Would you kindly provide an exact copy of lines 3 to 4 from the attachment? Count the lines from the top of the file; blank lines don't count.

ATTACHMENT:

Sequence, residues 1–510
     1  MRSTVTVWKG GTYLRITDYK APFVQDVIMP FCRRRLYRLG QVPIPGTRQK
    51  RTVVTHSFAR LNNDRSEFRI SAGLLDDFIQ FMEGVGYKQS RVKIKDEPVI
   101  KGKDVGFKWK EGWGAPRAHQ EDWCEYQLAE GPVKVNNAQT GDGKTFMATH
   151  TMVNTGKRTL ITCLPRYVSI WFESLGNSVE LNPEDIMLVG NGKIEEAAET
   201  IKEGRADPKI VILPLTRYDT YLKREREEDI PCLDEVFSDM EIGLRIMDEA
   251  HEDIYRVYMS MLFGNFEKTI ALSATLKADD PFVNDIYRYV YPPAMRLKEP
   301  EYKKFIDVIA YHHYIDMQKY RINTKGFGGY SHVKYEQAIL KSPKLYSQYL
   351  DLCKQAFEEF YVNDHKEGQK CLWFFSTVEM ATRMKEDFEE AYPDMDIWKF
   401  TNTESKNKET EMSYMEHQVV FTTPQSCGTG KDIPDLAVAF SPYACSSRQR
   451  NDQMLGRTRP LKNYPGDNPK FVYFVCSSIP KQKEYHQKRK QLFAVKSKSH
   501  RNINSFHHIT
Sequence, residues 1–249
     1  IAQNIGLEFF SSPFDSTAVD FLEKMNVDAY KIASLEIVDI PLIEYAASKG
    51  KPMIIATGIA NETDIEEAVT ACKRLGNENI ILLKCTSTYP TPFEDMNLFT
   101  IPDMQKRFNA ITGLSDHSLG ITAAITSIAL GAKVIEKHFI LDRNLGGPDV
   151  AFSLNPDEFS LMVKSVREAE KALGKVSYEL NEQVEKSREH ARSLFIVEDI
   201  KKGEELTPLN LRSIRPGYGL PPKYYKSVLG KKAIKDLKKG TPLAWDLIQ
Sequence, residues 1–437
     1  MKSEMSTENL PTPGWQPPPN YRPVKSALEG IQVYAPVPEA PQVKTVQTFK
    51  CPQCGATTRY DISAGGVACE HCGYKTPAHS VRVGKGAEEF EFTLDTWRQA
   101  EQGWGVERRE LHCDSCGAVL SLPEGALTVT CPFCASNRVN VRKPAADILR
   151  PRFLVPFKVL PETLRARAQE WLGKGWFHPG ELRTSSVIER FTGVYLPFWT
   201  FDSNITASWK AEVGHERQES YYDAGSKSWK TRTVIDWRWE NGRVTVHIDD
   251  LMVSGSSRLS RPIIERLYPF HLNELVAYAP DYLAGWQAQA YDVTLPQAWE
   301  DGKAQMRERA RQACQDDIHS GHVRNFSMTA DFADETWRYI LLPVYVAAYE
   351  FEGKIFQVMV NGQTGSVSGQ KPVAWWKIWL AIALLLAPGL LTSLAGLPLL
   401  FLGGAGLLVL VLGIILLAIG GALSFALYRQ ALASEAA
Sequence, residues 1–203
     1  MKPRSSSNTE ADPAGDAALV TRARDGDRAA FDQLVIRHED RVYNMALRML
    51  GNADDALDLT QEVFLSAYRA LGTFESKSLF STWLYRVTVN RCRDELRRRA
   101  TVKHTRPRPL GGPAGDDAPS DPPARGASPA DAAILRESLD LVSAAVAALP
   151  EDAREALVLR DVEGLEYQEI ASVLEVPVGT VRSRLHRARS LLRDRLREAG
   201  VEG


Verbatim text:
    51  RTVVTHSFAR LNNDRSEFRI SAGLLDDFIQ FMEGVGYKQS RVKIKDEPVI
   101  KGKDVGFKWK EGWGAPRAHQ EDWCEYQLAE GPVKVNNAQT GDGKTFMATH